CDR Jamie Seligman, LMSW-C, BCD, is a project officer with Substance Abuse Mental Health Services Administration (SAMHSA) Center for Mental Health Services (CMHS) in the Emergency Mental Health and Traumatic Stress Services Branch (EMHTSSB). In his current role, he monitors crisis counseling grants to states with presidentially-declared disasters and provides technical assistance to grantees and applicants. He is also the project officer for the Disaster Behavioral Health Information Series (DBHIS), an online virtual disaster resource center with downloadable publications. CDR Seligman spearheaded the development and creation of the SAMHSA Disaster Kit; he also provided oversight and subject matter expertise in the development and launch of SAMHSA's Disaster App. CDR Seligman oversees the Disaster Distress Helpline, which is the first national hotline dedicated to providing year-round disaster crisis counseling. He has been deployed to numerous disaster settings, serving as a federal responder (mental health professional) with United States Public Health Service (USPHS). His deployments include: Ft. Myers, FL (Hurricane Charley), New Orleans (Hurricane Katrina), Asia (tsunami), South Dakota (suicide cluster), American Samoa (tsunami), Gulf Coast (Deep Water Horizon Oil Spill) and Liberia (Ebola).
Christian Burgess, MSW, is Director of the Disaster Distress Helpline (DDH), a program of the U.S. Substance Abuse and Mental Health Services Administration administered by Link2Health Solutions (L2HS), a subsidiary of the not-for-profit Mental Health Association of New York City. L2HS also administers the National Suicide Prevention Lifeline for SAMHSA, of which the DDH is considered a sub-network. Christian serves on the National VOAD Emotional and Spiritual Care Committee (ESCC) and Health Committee, and co-chaired the NYC VOAD ESCC from 2013-2014. Christian served as Training Coordinator for the Oil Spill Distress Helpline from 2010-2011, also administered by L2HS for SAMHSA, before becoming the DDH Director in 2012 when that program was launched. Prior to L2HS, Christian worked for over 10 years in youth violence prevention and trauma intervention, including as Director of School Programs at Safe Horizon, one of the nation's largest service providers for victims of crime.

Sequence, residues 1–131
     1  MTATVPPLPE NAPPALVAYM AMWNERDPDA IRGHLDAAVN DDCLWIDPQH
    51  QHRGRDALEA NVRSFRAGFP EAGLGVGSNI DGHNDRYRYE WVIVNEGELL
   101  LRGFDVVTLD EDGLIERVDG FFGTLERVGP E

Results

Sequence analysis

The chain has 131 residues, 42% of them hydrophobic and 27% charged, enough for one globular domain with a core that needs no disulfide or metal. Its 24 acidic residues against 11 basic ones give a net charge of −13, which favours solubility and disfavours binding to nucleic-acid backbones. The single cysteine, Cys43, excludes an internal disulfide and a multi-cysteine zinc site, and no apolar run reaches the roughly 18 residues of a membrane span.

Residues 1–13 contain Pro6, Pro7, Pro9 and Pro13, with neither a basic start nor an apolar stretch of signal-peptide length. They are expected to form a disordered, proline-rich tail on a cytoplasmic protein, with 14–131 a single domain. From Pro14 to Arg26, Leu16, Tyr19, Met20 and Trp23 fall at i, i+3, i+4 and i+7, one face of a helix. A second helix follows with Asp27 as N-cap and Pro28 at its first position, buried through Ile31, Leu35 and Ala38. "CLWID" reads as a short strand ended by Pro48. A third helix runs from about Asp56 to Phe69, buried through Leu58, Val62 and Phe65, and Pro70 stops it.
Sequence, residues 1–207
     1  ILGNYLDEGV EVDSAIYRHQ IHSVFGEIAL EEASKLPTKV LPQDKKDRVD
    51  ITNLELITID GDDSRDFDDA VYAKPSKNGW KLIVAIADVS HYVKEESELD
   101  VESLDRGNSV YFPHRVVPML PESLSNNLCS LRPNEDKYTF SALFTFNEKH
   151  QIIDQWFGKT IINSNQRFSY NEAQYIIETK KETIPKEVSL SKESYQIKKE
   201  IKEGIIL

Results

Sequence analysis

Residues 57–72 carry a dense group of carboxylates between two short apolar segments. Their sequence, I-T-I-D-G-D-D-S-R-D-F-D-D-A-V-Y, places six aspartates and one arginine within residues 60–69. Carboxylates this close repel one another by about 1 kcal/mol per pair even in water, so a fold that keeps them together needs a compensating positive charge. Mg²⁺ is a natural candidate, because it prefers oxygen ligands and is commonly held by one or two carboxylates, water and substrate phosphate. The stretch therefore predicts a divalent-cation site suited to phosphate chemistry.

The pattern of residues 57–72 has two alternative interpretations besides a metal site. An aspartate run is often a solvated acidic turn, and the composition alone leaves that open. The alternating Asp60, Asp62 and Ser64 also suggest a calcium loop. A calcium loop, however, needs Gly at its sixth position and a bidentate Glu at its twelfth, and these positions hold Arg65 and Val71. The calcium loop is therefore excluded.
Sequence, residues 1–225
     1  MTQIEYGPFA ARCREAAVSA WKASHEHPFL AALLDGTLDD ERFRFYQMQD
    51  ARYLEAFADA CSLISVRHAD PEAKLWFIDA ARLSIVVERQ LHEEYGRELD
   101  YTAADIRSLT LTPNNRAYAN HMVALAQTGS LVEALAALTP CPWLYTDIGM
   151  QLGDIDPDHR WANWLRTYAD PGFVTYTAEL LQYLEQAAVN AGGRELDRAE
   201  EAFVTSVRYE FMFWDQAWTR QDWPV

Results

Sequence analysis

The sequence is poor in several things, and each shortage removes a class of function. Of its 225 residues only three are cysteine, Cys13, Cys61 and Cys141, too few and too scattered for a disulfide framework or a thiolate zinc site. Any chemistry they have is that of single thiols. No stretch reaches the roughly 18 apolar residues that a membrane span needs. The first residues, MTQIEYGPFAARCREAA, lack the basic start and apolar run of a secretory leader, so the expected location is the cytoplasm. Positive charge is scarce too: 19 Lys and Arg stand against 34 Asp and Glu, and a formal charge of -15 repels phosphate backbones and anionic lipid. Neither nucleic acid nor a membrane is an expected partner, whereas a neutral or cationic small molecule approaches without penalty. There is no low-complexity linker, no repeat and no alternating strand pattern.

FEMA Promising Practices: Fire preparedness and Post-Disaster Accessibility Issues in the Home
8th September, 2016
This webinar will have two presentations that look at preparedness and accessibility issues in the home. Home Fire Safety Solutions for People with Disabilities installs smoke alarms, alert devices and delivers home fire safety educational messages that meet the needs of people with disabilities in Oklahoma. The key components of this successful program will be presented by project managers.
Elevations make salient many concerns for accessibility and universal design that compliment current needs of a population that age in place. It becomes a design professional's charge as educator and “expert” to encourage the resident to plan for accessibility for themselves, their visitors, and for any future inhabitants, all over the course of both their lives and the life of the home. The series will address all audiences that play a role in promoting accessibility through the lens of design, from the client to the architect to the local jurisdiction.